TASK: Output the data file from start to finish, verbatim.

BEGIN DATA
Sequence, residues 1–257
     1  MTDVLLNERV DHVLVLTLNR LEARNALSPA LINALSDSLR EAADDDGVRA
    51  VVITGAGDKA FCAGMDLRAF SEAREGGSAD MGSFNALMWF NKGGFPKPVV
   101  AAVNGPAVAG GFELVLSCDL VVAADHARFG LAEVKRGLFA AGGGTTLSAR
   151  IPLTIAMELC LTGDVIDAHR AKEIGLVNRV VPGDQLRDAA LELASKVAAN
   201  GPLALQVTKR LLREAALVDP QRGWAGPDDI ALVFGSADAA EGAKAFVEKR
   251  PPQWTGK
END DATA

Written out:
Sequence, residues 1–257
     1  MTDVLLNERV DHVLVLTLNR LEARNALSPA LINALSDSLR EAADDDGVRA
    51  VVITGAGDKA FCAGMDLRAF SEAREGGSAD MGSFNALMWF NKGGFPKPVV
   101  AAVNGPAVAG GFELVLSCDL VVAADHARFG LAEVKRGLFA AGGGTTLSAR
   151  IPLTIAMELC LTGDVIDAHR AKEIGLVNRV VPGDQLRDAA LELASKVAAN
   201  GPLALQVTKR LLREAALVDP QRGWAGPDDI ALVFGSADAA EGAKAFVEKR
   251  PPQWTGK